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Savage/Love and Tongues:
The Playwrights
Sam Shepard
Sam Shepard was born Samuel Shepard Rogers III in Fort Sheridan, Illinois in 1943. He briefly attended college but dropped out to join a travelling theater group. Shepard became involved in New York City's Off-Off-Broadway theater scene beginning at the age of nineteen. He was most closely connected with Theatre Genesis, housed at St. Mark's Church in-the-Bowery in Manhattan's East Village. Most of his writing was for the stage, but he had early screen-writing credits for Me and My Brother (1968) and Antonioni's Zabriskie Point (1970). His early science-fiction play, The Unseen Hand, influenced Richard O'Brien's stage musical The Rocky Horror Show. In 1976 Shepard was named playwright-in-residence at the Magic Theatre in San Francisco where many of his works received their premier productions. Notable work includes Buried Child (1978), Curse of the Starving Class (1978), True West (1980) and A Lie of the Mind (1985). A collaboration with Bob Dylan that started with the surrealist film Renaldo and Clara (1978) led to him co-writing with Dylan an epic, 11-minute song entitled "Brownsville Girl", included on Dylan's Knocked Out Loaded (1986).

Shepard began his acting career in earnest when he was cast in Terrence Malick's Days of Heaven (1978). This led to other film roles, most notably his portrayal of Chuck Yeager in The Right Stuff (1983), earning him an Academy Award nomination for Best Supporting Actor.

He received the Pulitzer Prize for Drama in 1979 for Buried Child and also won a Drama Desk Award for h A Lie of the Mind. His screenplay for the 1984 Wim Wenders film Paris, Texas garnered him a nomination for a BAFTA Award for Best Adapted Screenplay. Shepard was elected to the American Academy of Arts and Letters in 1986. That same year he was also made a Fellow of the American Academy of Arts and Sciences.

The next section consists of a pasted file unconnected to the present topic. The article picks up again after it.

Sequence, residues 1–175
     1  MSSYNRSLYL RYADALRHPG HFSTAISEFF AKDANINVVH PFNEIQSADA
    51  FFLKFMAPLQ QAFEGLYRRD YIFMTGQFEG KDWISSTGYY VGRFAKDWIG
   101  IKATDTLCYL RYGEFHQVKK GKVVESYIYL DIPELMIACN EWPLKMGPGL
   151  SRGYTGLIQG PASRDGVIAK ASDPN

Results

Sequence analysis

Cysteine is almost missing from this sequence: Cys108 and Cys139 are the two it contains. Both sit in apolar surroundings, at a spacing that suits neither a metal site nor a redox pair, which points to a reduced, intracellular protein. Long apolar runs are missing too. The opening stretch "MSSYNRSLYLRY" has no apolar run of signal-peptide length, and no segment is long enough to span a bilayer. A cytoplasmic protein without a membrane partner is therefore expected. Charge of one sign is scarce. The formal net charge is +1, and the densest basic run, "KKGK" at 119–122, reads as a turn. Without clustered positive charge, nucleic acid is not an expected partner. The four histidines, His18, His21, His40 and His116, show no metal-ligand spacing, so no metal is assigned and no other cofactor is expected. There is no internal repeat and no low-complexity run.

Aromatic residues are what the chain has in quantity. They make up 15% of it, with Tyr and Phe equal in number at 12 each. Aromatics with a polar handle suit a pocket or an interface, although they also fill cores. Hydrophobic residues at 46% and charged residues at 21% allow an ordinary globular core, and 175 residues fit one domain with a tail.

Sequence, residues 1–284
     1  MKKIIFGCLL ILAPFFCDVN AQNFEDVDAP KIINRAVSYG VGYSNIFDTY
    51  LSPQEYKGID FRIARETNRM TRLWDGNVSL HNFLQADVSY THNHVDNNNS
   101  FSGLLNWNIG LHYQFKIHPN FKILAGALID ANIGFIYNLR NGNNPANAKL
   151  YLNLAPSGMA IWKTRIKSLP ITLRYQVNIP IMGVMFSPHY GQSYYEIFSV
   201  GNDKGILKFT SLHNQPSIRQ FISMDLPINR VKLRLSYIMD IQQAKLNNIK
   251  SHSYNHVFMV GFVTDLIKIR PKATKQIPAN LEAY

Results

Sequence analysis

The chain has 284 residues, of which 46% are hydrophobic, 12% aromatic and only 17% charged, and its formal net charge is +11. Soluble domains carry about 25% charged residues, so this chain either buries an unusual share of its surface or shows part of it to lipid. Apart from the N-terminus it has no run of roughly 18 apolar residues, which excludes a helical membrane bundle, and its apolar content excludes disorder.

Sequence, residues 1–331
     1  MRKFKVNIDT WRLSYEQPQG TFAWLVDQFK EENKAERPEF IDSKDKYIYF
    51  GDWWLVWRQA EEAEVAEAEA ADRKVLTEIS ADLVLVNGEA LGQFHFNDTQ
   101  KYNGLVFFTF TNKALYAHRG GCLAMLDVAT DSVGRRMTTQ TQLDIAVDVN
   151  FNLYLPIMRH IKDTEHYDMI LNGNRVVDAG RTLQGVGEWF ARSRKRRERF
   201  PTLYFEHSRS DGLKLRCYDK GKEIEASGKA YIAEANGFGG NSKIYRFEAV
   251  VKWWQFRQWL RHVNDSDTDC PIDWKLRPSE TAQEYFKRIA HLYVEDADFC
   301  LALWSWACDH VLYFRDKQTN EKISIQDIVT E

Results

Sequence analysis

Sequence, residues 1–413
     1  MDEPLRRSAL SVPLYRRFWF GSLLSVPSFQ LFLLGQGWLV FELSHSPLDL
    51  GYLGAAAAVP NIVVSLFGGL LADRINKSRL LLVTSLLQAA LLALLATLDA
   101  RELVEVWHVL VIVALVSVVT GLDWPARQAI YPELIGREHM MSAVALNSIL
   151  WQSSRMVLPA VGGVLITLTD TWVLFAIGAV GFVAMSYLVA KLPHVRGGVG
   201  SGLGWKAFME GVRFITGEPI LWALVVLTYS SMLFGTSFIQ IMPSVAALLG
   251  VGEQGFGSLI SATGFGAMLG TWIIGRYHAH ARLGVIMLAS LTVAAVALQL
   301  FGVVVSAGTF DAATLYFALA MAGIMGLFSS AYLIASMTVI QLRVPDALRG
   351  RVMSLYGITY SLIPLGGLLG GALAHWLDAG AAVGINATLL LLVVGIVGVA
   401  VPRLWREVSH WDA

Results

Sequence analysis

In 1994, he was inducted into the Theatre Hall of Fame. Of his more than 45 plays, 11 have won Obie Awards. He was also nominated for two Tony Awards: for Buried Child in 1996, and for True West in 2000.

Although many artists have had an influence on Shepard's work, one of the most significant has been actor-director Joseph Chaikin, a veteran of the Living Theatre and founder of a group called the Open Theatre. Shepard acknowledges that Chaikin was a valuable mentor.


Joseph Chaikin
Joseph Chaikin was born to a poor Jewish family in Brooklyn in 1935. He briefly attended Drake University in Iowa before returning to New York to begin a career in theater. He began to work with the Living Theatre before founding the Open Theater in 1963; a co-operative that progressed from a closed experimental laboratory to a performance ensemble.

The Open Theatre's most famous and critically acclaimed production, The Serpent, used the Bible as text, but incorporated current events, such as the violence that plagued the 1960s. In 1969 Open Theatre performed Endgame by Samuel Beckett, with Chaikin playing the role of Hamm. In 1970 it played at the Grasslands Penitentiary, a fulfillment of Chaikin's desire to experiment with audiences who would be fundamentally and culturally different from cosmopolitan audiences.

The Open Theater operated for about 10 years. Chaikin closed it in 1973 because he said “it was in danger of becoming an institution.”  Although it achieved much critical success, Chaikin said: "I have rarely known a case where a critic's response to actors, directors or writers has expanded or encouraged their talent… I have known cases where by panning or praising, the critic has crushed or discouraged creative inspiration".

In the mid-1970s, Chaikin formed an experimental workshop company called the Winter Project, in which he proposed explorations of the boundary between life and death, the actor as storyteller, listening, found dialogue and more. His production of The Dybbuk at the Public Theater in 1977-78 was influenced by some of these researches.

Chaikin had a close working relationship with Sam Shepard and together they wrote the plays Tongues and Savage/Love, both of which premiered at San Francisco's Magic Theatre. They were commissioned to write When The World Was Green for the 1996 Olympics in Atlanta, Georgia, and later, they co-wrote War in Heaven. Chaikin was an expert on Samuel Beckett, directing a number of Beckett's plays, including Endgame at the Manhattan Theatre Club and Happy Days at the Cherry Lane Theater.

He received six Obie Awards, including one for Lifetime Achievement, and two Guggenheim Fellowships. His book, The Presence of The Actor was first published in 1972 and a second edition followed in 1991. After a life of heart ailments, he passed away in 2003.


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